Tag: GHG emissions attestation

SEC Commissioners Lee and Crenshaw want more assurance on Scope 3

While the proposed requirement to disclose material Scope 3 greenhouse gas emissions seems to be one of the most contentious—if not the most contentious—element of the SEC’s climate disclosure proposal (see this PubCo post and this PubCo post), two of the SEC’s Democratic Commissioners, Allison Herren Lee and Caroline Crenshaw, told Bloomberg that they think it still doesn’t go far enough. They are advocating that Scope 3 GHG emissions data be subject to attestation—like the proposed requirement for Scopes 1 and 2—to ensure that it is reliable. This discussion might just be a continuation—or perhaps a reinvigoration—of an internal debate that reportedly led to delays in issuing the proposal to begin with. As previously discussed in this PubCo post, the conflicts were reportedly between SEC Chair Gary Gensler and the two other Democratic Commissioners, Lee and Crenshaw, about how far to push the proposed new disclosure requirements, especially in light of the near certainty of litigation. One major issue at the time, Bloomberg reported, was whether to mandate disclosure of Scope 3 GHG emissions, which, some companies contended, is not under their control and “unfairly makes companies vulnerable to shareholder lawsuits and government enforcement actions.” Another  major point of contention was reportedly was whether to require that auditors sign off on the emissions disclosures. The current proposal may reflect a compromise on these issues, but apparently one that does not sit comfortably with Lee and Crenshaw. 

SEC proposes new rules on climate disclosure [UPDATED—PART II—GHG emissions]

[This post is Part II of a revision and update of my earlier post that primarily reflects the contents of the proposing release. Part I (here) covered the background of the proposal and described the SEC’s proposed climate disclosure framework, including disclosure of climate-related risks, governance, risk management, targets and goals, financial statement metrics and general aspects of the proposal. This post covers GHG emissions disclosure and attestation.]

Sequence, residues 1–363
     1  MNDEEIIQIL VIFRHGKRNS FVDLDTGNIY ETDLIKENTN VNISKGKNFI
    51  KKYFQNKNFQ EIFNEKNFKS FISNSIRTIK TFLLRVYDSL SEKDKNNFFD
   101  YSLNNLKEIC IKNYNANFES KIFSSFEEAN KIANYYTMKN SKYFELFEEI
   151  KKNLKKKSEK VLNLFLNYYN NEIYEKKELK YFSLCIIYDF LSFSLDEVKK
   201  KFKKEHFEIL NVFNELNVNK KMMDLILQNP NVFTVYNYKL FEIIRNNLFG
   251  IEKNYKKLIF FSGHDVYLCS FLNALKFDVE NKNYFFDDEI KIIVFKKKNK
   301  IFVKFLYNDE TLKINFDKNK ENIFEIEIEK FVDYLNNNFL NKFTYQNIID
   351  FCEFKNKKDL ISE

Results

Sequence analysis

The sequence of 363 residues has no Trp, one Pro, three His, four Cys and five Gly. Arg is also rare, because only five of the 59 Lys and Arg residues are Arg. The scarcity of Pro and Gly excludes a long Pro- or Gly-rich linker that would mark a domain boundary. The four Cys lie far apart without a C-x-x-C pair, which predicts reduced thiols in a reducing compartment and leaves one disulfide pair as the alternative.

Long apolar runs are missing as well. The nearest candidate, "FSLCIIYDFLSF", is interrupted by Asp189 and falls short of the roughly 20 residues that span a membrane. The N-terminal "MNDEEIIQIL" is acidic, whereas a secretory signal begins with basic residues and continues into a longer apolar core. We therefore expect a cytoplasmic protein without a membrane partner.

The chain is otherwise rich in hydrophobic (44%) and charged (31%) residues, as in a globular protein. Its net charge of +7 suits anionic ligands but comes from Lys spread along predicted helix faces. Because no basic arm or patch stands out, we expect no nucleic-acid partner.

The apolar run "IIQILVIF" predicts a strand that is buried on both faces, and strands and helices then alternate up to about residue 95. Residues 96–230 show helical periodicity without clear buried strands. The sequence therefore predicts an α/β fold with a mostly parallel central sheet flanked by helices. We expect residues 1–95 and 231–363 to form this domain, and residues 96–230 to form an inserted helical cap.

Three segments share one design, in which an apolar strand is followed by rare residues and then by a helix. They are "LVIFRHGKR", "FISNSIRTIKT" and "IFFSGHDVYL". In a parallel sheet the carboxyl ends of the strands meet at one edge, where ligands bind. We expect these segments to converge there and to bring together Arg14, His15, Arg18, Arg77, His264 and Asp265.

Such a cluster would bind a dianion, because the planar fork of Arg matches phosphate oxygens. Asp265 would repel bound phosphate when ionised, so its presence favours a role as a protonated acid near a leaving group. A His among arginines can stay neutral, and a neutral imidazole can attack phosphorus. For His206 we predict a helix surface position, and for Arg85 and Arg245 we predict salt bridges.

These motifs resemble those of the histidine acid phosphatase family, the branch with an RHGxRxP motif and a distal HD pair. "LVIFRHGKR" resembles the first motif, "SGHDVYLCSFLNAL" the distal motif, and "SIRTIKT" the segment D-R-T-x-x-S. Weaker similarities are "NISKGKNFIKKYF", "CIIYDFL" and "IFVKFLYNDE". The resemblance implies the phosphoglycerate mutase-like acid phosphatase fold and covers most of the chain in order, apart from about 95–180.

So, what are the GHG emissions for a mega roll of Charmin Ultra Soft toilet paper? That was the question I asked to open this PubCo post.  According to this article in the WSJ, the answer was 771 grams, a calculation performed by the Natural Resources Defense Council.  But how did they figure that out?  How public companies could be required to calculate and report on their GHG emissions is one of the major issues addressed by the SEC in its proposal on climate-related disclosure regulation issued last week. The proposal was designed to require disclosure of “consistent, comparable, and reliable—and therefore decision-useful—information to investors to enable them to make informed judgments about the impact of climate-related risks on current and potential investments.” Drawing on the Greenhouse Gas Protocol, the proposal would, in addition to the disclosure mandate discussed in Part I of this Update, require disclosure of a company’s Scopes 1 and 2 greenhouse gas emissions, and, for larger companies, Scope 3 GHG emissions if material (or included in the company’s emissions reduction target), with a phased-in attestation requirement for Scopes 1 and 2 data for large accelerated filers and accelerated filers. The disclosure would be included in registration statements and periodic reports in the section captioned “Climate-Related Disclosure.” At 510 pages, the proposal is certainly thoughtful, comprehensive and stunningly detailed—some might say overwhelmingly so. If adopted, it would certainly require a substantial undertaking for many companies to get their arms around the extensive and granular requirements and comply with the proposal’s mandates. How companies would manage this enormous effort remains to be seen.